hi i posted somewhere else, but as no one replied, guess was the at wrong place. i'm not sure if this is the right place, so here i go i'm very new to java (just finished understanding interfaces), but i like to dream. Actually i'm developing a web application ( with php+MySql+Apache) where users fill lots and lots of forms. Those values are stored in Mysql. Other users will work on that data, editing, updating or deleting it, and then fill other forms. I know for sure that i've to understand oop basics, command line JDBC and swing to make this kind of functionality with java in a desktop app. i gave a look at jdbc and it looks quite easy to me. i also studied a sun java tutorial about building a gui interface (DiveLog tutorial) with read/write from files, check boxes, text area, buttons and so on. So my Q is: what kind of another technology will i need to master in order to have an equivalent aplication, but in this case with desktop interface instead of web browser? Can i simply connect the various desktop apps (all identical - one per computer), in diferent machines, to the same MySql database without further things (like web services or RMI (not sure exactly what this is)...)? Thanks in advance
By the sounds of your discription you are attempting to build a 2 tier distributed system. To be able to do this I would recommend you use RMI (remote method invocation). The other option you have is using sockets, but once you understand the RMI you will see that there are many advantages to it's usage. A robust distributed system should take into account matters such as connection pooling, database locking, transaction rollbacks e.t.c. Spend time designing the system before building, by your discription of what you want to achieve, the MVC pattern should be used. Son that presentation, business logic and data are clearly seperated and remember to unit test your components. Regards Nigel Browne
By the sounds of your discription you are attempting to build a 2 tier distributed system.
Well, i heard 3 tiers, separating presentation, business logic and data is the best...
A robust distributed system should take into account matters such as connection pooling, database locking, transaction rollbacks e.t.c.
I'll study connection pooling (where?); i guess database lock its done directly in MySql, but not sure; as to transactions, my app has very small needs - just some data to input - that i guess they wont be needed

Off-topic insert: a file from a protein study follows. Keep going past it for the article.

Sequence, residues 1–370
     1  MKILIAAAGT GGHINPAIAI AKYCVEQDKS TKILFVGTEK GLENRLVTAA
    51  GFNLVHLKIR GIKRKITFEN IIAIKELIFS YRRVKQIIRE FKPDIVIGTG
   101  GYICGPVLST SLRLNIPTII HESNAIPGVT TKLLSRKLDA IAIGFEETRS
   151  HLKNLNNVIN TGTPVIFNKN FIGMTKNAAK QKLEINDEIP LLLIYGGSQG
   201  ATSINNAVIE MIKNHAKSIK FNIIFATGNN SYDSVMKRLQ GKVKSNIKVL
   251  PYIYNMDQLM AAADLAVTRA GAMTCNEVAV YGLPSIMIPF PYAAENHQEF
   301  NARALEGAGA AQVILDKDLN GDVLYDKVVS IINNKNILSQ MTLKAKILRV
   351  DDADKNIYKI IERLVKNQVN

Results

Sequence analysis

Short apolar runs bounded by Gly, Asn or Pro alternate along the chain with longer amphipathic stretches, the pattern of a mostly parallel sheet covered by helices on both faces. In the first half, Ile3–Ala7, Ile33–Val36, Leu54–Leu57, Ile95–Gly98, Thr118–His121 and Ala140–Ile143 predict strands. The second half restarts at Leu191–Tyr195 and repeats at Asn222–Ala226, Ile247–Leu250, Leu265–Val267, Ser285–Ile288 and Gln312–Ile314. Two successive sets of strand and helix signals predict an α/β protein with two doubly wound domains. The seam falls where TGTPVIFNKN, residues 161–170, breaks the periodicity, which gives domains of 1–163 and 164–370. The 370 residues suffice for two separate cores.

Spend time designing the system before building
I'll even enjoy it Some Qs, please: 1) Because all users are using the same front end, from diferent machines, (inserting, adding and so on to the same db), will rmi solve my prob? I mean, i thought simply connecting those apps to central MySql database would solve the problem..., but i'm very ignorant in these matters... 2) What's MVC pattern? thanks again
Some Qs, please: 1) Because all users are using the same front end, from diferent machines, (inserting, adding and so on to the same db), will rmi solve my prob?
I am by far an expert on mySql, but in general setting up and tearing down database connections is a costly process and it is far better to create a connection pool to which you clients connect. RMI allows for a central set of business logic to be shared amongst all of your clients. By the way the reason I called your application 2-tier rather than n-tier, is because you are not using an application server.
Having an application server in the architecture, will obviously add complexity to the system. The question to be asked is how the system will be used. Will it need to be load balanced, what are the security issues, will there be more than one type of GUI using the business objects e.g Web frontend and desktop frontend e.t.c After answering these questions you can then make a informed decision on wether the cost of an application server is justified or wether a more simple approach is sufficient. Nigel
hmmm... from what i'm understanding there's no unique path to my dreamed app. Depends on what i want from it; well, i'll keep on studying and then later on for sure i'll be back with more concrete Qs. thanks for your answers
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